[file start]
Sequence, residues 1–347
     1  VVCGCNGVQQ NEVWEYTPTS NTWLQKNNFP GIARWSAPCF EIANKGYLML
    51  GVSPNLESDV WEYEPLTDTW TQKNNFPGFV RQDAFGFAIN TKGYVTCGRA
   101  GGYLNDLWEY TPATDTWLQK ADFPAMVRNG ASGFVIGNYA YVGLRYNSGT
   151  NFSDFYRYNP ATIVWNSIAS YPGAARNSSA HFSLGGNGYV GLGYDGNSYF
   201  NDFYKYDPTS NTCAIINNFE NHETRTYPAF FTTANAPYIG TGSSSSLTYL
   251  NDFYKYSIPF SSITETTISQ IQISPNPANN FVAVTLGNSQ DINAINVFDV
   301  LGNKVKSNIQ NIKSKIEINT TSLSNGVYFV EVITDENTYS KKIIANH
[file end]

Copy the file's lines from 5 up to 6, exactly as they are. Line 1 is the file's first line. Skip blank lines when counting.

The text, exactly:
   151  NFSDFYRYNP ATIVWNSIAS YPGAARNSSA HFSLGGNGYV GLGYDGNSYF
   201  NDFYKYDPTS NTCAIINNFE NHETRTYPAF FTTANAPYIG TGSSSSLTYL